Minnesota State Mankato tried to extend its NCAA Division II World Series stay with another ninth-inning rally, but the Mavericks suffered an early exit with two losses over the course of a long night and a quick afternoon.
MSU, which played until 2:30 a.m. in its first-round loss, fell to Franklin Pierce University 6-2 on Tuesday afternoon, ending its stay in the double-elimination tournament at the USA Baseball Training Complex.
But despite being frustrated by two ninth-inning rallies that came up short and multiple weather delays, MSU head coach Matt Magers had only praise for his team that won a regional championship and finished with a 44-16 record.
“It was a once-in-a-lifetime experience for our players, coaches, family and friends to come here,” Magers said. “It’s been 24 years since we’ve been here.
“We’ve been close numerous times, but we didn’t take the next step. Hopefully we can take that step the next time. We’re thankful to the city of Cary, (host) Mount Olive College and USA Baseball.”
MSU’s loss to Franklin Pierce on the fourth day of the World Series was not only the first of seven games that wasn’t marred by rain, thunder and lightning delays, it was the quickest of the tournament, played in 2 hours, 21 minutes.
wouldn’t blame Tuesday’s loss on the late night in the first round. On Sunday, MSU played the nightcap of a double-header, and it started more than six hours late at 11:15 p.m. due to weather delays and a power outage.
Magers said he preferred to play the game late Sunday night rather than postponing it until than Monday morning. A Monday game would have started no later than 11 a.m. since games were scheduled for 3 p.m. and 7 p.m.
“I don’t think the late game effected us at all; a lot of our guys do their best work after 10:30 or 11, if you ask them,” Magers said with a mischievous grin. “I’d say we’re a better late night team than early morning.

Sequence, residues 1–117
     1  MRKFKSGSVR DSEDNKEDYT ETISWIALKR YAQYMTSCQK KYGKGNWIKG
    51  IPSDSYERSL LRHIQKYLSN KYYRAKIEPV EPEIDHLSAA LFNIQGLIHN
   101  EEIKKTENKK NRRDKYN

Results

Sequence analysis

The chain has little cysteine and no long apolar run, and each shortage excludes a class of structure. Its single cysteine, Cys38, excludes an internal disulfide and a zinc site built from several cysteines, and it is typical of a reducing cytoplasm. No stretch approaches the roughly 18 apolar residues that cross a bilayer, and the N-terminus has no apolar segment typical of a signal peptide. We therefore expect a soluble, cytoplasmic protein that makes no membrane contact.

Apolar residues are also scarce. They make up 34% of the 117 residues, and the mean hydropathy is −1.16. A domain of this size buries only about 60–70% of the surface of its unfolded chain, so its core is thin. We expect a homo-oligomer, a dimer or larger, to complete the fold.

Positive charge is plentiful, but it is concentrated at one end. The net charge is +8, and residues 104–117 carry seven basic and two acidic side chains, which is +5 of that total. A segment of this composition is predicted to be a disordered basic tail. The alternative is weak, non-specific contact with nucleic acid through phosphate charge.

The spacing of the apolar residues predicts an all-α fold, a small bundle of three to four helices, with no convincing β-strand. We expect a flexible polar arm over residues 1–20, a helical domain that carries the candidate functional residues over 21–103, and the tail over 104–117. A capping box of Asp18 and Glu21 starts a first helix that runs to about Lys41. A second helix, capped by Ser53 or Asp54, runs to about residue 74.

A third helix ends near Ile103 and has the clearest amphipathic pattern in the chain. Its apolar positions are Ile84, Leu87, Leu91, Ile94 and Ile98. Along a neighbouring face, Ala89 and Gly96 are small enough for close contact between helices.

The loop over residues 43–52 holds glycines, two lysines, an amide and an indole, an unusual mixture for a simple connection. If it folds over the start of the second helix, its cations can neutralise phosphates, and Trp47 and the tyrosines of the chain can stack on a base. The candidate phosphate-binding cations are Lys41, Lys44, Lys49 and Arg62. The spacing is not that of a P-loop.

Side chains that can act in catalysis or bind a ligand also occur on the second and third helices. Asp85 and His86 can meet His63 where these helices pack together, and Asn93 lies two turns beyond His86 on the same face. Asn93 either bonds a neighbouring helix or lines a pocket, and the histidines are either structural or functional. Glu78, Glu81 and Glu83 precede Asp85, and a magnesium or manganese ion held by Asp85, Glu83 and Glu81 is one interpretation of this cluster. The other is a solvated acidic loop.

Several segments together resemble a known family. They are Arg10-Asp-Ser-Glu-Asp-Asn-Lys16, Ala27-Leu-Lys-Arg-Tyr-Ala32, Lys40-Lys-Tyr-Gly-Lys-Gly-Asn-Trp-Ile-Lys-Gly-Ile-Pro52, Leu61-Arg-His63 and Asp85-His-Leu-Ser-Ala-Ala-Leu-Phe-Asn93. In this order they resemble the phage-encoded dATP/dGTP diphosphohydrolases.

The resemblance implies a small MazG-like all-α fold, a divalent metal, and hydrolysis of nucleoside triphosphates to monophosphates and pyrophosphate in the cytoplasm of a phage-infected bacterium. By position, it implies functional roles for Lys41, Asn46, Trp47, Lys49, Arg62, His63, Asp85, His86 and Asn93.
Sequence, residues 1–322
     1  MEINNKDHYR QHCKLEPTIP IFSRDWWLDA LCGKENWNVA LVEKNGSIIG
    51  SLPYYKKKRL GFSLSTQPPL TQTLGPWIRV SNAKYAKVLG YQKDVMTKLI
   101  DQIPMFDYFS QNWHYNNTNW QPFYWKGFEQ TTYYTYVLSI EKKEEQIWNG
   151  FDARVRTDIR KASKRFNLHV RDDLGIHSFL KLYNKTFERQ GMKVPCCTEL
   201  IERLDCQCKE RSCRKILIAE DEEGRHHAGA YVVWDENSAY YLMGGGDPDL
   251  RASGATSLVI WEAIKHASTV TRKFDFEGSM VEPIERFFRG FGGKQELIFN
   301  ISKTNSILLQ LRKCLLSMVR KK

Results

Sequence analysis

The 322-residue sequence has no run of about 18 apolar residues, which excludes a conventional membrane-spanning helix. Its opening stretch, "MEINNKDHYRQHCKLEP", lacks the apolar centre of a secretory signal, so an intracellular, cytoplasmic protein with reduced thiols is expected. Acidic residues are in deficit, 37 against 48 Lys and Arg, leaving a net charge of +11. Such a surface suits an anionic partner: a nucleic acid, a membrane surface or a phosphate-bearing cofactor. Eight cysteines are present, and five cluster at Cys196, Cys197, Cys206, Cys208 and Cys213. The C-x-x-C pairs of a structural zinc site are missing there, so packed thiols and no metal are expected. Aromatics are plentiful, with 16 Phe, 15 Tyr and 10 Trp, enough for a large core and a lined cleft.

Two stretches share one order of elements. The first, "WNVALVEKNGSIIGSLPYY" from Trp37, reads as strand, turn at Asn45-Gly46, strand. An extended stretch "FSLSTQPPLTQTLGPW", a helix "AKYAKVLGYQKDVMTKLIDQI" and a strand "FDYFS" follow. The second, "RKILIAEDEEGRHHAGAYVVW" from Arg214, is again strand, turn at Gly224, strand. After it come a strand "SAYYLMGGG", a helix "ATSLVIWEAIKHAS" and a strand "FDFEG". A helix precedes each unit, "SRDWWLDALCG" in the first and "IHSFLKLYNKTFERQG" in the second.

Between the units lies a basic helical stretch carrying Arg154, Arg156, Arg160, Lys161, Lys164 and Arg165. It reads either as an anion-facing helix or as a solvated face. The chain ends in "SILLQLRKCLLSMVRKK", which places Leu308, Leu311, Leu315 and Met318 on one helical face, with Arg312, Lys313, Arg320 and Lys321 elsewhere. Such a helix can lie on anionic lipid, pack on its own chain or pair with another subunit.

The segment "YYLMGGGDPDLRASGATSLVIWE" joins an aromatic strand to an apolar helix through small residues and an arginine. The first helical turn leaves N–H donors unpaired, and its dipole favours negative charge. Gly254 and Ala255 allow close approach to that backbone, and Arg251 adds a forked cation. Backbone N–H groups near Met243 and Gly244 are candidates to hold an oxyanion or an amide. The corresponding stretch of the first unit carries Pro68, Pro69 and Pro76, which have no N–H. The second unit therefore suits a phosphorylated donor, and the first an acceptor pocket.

“I’m glad the NCAA let us play late at night versus going back to the hotel to sleep and getting up early to play. We had a day off. We came out with energy, put runners in scoring position and put up zeros for the first three innings.”
Minnesota State took a 1-0 lead in the top of the second when center fielder Danny Miller singled. He advanced to second on a throwing error as pitcher Mike Adams tried to pick him off. Right fielder Aaron Berner was then hit by a pitch and first baseman Matt Odegaard advanced the runners to second and third with a sacrifice bunt. Miller scored on a ground-ball out by designated-hitter Patrick Dockendorf.
The Mavericks took a 2-0 lead in the fourth inning when Miller and Berner singled with one out and Miller scored when Dockendorf singled for his second RBI.
But the runners left on base would come back to haunt the Mavericks when Franklin Pierce, a school of 1,500 students in Rindge, N.H., scored two runs in the bottom of the fourth and added three more in the sixth.
The Ravens opened their fourth with a single by right fielder Phil Hendricks and a home run by third baseman Derek Ingui to left field. Ingui’s homer was only the second of the World Series in a spacious park with heavy air from the rain and the wind blowing in.
“The two-run home run was a big hit,” Magers said. “The park played big all week, so give them credit for coming up with the big hits. We had opportunities early in the game, but we didn’t execute the two-out hit.”
In Sunday’s 8-6 loss to Southern Indiana, the Mavericks scored five runs in the ninth inning before falling short. The Mavs again rallied in the ninth against Franklin Pierce when they loaded the bases with walks to Ben Kincaid and Miller and Dockendorf was hit by a pitch to bring the tying run to the plate. But Adams (6-1) finished his complete game by coaxing a fly ball to center field by second baseman Matt Kuchenbecker.
Franklin Pierce (42-16-1), which lost Sunday to Kutztown State in a game that took more than nine hours to complete because of multiple delays, avoided a third straight 0-2 experience in the World Series. The Ravens made quick trips home in 2007 and 2008.
“The last time we were here we let a big lead get away in the first game and let it bother us in the next game,” Franklin Pierce head coach Jayson King said. “This time we had another tough first-round loss, but these kids handled it better and bounced back.”